she shed you don’t understand what i shed

7/29/07

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This is my new shed. I just finished building it. I’m posting this blog as a public service to all of you out there who might be contemplating building your own shed to RUN AWAY SCREAMING. This beast took me three months, riddled my body with scars, and made me blow a gasket pretty much every weekend.

Why, do you ask, did it take three months? “I thought you were pretty handy with tools building stuff,” I hear you cry. And yet, isn’t it interesting that a rectangular building not much larger than a twin bed can provide so many opportunities for such flummoxation?

Here’s the thing: I don’t like other people doing what I can do for myself. And since Salem put me on Betty Mills’ corporate mailing list, I saw a good deal on a 4’x10′ garden shed that seemed to be our cup of tea; it had a “lean-to” look that was perfect for this tiny space between our house and the next, and we could finally get our bikes out of the dining room.

First off, I had to build the thing into the tiny space itself, meaning I couldn’t just build it in the yard and move it – that would mean uprooting trees and all kinds of crap. Thus my power drill screwdriver was useless, which meant sticking my hand into blind 4-inch crevices and installing screws with this:

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Technically, it’s a Husky ratchet and socket set, but I’ve come to know it as the ArthritisMaker 3000™, and it nearly killed my spirit. After about five screws, I was done for the day. Half of the screws wouldn’t even work with it, so I was forced to use other methods so chintzy that I won’t mention them here.

Secondly, the Shed Assembly Instructions was written by either a sadistic bastard or a robot with no sense of narrative flow. Take this, for instance:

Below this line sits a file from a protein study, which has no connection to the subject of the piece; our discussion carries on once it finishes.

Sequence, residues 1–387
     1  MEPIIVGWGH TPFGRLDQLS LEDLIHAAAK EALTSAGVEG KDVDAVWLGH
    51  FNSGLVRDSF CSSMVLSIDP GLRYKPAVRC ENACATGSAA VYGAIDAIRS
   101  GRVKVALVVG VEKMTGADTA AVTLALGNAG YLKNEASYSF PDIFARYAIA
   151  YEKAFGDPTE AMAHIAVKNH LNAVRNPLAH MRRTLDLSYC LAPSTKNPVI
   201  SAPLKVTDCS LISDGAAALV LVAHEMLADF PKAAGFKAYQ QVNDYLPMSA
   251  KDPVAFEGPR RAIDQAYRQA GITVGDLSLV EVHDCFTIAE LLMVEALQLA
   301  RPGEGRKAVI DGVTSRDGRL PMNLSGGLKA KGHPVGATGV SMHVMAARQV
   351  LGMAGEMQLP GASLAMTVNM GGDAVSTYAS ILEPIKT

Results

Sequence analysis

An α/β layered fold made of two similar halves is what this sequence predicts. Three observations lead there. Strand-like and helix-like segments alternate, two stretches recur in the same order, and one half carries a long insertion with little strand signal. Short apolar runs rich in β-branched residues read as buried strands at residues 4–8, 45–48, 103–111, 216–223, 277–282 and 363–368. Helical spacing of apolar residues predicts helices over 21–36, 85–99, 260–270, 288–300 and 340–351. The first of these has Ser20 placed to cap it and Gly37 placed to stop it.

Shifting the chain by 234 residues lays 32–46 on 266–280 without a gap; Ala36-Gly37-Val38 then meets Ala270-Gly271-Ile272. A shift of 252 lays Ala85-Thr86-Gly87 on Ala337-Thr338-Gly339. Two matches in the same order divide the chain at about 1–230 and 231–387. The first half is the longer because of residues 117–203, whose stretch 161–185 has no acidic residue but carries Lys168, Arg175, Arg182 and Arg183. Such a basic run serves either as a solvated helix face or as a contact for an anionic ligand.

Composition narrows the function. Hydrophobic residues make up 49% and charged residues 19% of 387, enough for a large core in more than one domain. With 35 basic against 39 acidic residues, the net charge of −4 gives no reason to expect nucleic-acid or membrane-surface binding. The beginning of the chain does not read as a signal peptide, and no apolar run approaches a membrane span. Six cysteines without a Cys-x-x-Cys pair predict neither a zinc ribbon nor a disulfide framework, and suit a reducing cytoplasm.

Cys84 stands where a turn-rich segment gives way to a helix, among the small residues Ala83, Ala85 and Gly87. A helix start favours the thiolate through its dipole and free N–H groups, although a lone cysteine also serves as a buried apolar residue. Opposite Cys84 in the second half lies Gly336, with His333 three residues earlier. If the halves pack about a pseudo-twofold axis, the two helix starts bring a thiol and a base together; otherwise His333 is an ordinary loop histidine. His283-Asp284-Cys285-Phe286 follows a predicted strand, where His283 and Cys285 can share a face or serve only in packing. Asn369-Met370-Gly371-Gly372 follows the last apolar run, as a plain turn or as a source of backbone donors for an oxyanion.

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1. After the 3rd side siding is fastened to the 2nd, roll it over on the roof and fasten as before.

Um, WHAT? Are you fucking kidding me? First, Mr. Manual, you never used the term “1st side siding” or “2nd side siding” before, so I don’t know what the “3rd side siding” is. And when you say “after,” are you assuming that I already did it – I mean, clairvoyantly – since “Step 7” didn’t mention it? And how can I “fasten as before” when this is the first time I’ve been asked to do anything like this?

Oh, I could go on, but you would have had to been there to understand the backbreaking idiocy of it all. And at the end of the three months, I had a… vaguely crappy aluminum shed. Yeah, it’ll be fine, and it’s pretty airtight and we can keep the bikes, barbecue and random shite in there, but heed my warning.

If you have a modicum of building skills, just design a shed yourself and build it out of pressure-treated wood using a simple frame. Stick a tiny shingled roof on it, and voilà! Barring that, get a professional Shed Man (or Woman) to plop a pre-made shed on your property while you sit in a hammock sipping Pimm’s and lemon soda.

0 thoughts on “she shed you don’t understand what i shed

  1. Just Andrew

    time to go cordless. I do tons of weekend warrior stuff around my house and have owned the Ryobi cordless set and love ’em, plus they are cheap compared to any other brand – I found a sale that had most all the tools, including the cordless chainsaw for under $300. At any rate, looks like this right angle drill would’ve saved you some time, headaches and arthritis.